Says Adele – “I have a trip booked in a few weeks. I’m actually not worried about contracting the virus itself, I know I’m young and can easily fight it off, I just worry I will give it to elderly or immunosuppressed people! Also I’ve heard a lot of people saying that the atmosphere over there is terrible, so that’s put me off because I wanted to go and have the time of my life making as many friends as possible, but I’m not sure that’ll be possible in a world where self quarantine is becoming the norm! I’m going to delay it for even a month or so and see how things are looking then, fingers crossed this all blows over.”
So what do you think? Here are some things to consider when making your decision…
Travel: Things to Consider during a Pandemic
1. Spreading the virus to vulnerable people as you travel
You may be a 20-something healthy traveller, but if you become infected with COVID-19 as you travel around Southeast Asia, you are likely to infect other people who may be old and vulnerable. Many travellers in our Facebook group felt that it was irresponsible to continue travelling during this time and that travellers should either stay put or go home in an attempt to protect others.
Says traveller Rebecca – “I think we need to consider that a lot of people living in Southeast Asian countries don’t have access to the same level of health care as the Western world. If it becomes a big problem for us, it is an even bigger problem for them!”
As one local Vietnamese said – “I can’t understand why someone still keep their trip around the world now. If they are not scared about their health, it’s okay but please understand for the local people of other countries. Vietnam is a real example. Tour-guides are also victims. Leading tours is their life source so how can they refuse the tours? In Vietnam, they almost changed their job to other fields to wait for a re-birth of Tourism industry in the future. Our 39th positive patient is a tour-guide in the north of Vietnam after leading his group. It is my pleasure to know that Vietnam will always welcome everyone in the world but not now. Please save your money and your health to wait for an awesome trip in Vietnam in the near future. Let’s pray for our humans in this period! Thanks guys.”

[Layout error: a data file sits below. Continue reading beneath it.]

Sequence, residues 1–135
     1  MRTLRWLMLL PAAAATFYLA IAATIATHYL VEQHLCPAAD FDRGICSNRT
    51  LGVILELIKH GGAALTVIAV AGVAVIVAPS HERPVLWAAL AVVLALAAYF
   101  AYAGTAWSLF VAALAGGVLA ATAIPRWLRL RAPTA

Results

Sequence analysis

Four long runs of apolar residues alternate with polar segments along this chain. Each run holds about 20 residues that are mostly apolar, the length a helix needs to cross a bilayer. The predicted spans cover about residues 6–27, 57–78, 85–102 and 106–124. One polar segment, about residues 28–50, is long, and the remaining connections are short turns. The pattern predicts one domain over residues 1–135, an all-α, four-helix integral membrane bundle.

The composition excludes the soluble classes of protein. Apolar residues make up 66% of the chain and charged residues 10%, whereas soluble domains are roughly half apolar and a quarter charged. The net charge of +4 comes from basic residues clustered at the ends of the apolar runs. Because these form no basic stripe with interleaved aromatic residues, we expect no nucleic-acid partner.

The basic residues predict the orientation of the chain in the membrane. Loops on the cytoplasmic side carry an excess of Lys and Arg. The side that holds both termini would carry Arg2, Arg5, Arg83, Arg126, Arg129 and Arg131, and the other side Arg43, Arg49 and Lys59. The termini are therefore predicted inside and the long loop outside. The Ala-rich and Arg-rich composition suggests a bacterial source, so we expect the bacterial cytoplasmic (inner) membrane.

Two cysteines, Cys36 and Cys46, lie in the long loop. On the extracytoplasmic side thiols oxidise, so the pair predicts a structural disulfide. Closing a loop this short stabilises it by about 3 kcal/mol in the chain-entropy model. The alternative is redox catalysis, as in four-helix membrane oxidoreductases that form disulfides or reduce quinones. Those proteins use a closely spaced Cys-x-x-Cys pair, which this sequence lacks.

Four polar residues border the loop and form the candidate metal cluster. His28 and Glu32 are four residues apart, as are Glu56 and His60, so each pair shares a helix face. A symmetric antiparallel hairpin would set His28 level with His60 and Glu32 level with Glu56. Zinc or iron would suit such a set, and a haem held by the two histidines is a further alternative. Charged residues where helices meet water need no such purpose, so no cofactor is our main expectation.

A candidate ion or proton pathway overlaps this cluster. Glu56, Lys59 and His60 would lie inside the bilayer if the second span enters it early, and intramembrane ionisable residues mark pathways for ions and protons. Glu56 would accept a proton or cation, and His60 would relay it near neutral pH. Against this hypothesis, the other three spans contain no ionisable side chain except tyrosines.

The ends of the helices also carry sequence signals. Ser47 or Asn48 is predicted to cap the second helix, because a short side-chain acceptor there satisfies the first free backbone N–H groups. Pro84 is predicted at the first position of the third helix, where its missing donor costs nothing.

2. Local opinion
Several people have talked about a ‘bad atmosphere’ in parts of Southeast Asia right now with locals being suspicious of foreign visitors who may be carrying the virus. Thailand’s deputy Prime Minister tweeted last night to warn his fellow Thais of those white foreigners who fled COVID-19 in their own country! He said “the foreigners don’t wear masks, never shower and wear dirty clothing.” (He must be talking about backpackers!). (Source.) Others have reported unwelcome receptions in some parts of Vietnam.
3. Travel Insurance
During a global health pandemic, your travel insurance may not be valid.
Say World Nomads Travel Insurance – “It’s important to point out that fear of travel and/or fear of illness are not covered under our policies. Furthermore, there is a general exclusion under the majority of our policies for claims resulting from contagious disease, epidemic or pandemic, or to a government prohibition or regulation.”
4. Supporting local businesses
There is an argument to say that travel during a time of crisis will support local businesses who will suffer greatly during this time. (We know because we’re one of them!). However, many local businesses are now locking down the doors, makings survival plans and putting health before money.
Says Kischa from Ethnic Hill tribe Eco Trails in Chiang Mai – “I am a guesthouse and tour company owner in Thailand. I am not allowing people stay with us who are directly travelling from outbreak zones. I rely on tourism income for my business yet I am putting the health and safety of my community first.”
5. Overstaying visas
If cities and entire countries get locked down nobody really knows yet what will happen to travellers who overstay their visas! In this crazy situation, surely travellers will be let off with any overstay fines and penalties. However, this is uncertain right now.
Nobody knows what will happen as the true scope of the pandemic unfolds over the next few weeks and months. As countries across the world start to close their doors, it’s clear that the situation is like nothing we have ever seen before. I am afraid that we cannot give you a straight answer on whether or not you should travel right now. The decision is entirely up to you. We hope that this article has given you some things to think about and help you to realise that you are not alone.
Finally, we ask you to please continue browsing our website and sharing our articles to bring in much needed traffic at this time. Since the outbreak of COVID-19 our traffic has been hit massively and like many travel businesses, if the situation continues for a long time, South East Asia Backpacker is one that will struggle to survive. Thank you so much for your ongoing support and, with the tough spirit of the backpacker, we will get through this together!